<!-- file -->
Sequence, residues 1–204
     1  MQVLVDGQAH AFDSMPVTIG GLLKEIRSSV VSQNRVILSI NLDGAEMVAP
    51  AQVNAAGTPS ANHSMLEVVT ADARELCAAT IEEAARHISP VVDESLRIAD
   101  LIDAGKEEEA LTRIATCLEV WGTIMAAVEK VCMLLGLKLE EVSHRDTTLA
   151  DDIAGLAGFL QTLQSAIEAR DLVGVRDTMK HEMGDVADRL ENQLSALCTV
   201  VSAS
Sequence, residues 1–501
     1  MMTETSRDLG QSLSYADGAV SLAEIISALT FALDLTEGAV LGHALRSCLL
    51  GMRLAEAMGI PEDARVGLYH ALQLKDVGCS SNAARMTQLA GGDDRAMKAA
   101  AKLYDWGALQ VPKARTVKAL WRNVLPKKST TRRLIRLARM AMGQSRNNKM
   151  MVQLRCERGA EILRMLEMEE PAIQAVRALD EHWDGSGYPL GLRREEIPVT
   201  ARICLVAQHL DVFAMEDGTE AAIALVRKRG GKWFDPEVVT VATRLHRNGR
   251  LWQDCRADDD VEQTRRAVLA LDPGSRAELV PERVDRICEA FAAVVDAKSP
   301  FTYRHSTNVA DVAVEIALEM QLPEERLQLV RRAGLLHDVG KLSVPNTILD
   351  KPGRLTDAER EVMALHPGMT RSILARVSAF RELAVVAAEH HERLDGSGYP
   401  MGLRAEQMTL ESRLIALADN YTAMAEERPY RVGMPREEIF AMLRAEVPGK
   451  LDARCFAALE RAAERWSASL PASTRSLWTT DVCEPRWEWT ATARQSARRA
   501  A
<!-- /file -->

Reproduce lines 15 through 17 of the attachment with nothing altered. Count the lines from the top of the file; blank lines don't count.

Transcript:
   351  KPGRLTDAER EVMALHPGMT RSILARVSAF RELAVVAAEH HERLDGSGYP
   401  MGLRAEQMTL ESRLIALADN YTAMAEERPY RVGMPREEIF AMLRAEVPGK
   451  LDARCFAALE RAAERWSASL PASTRSLWTT DVCEPRWEWT ATARQSARRA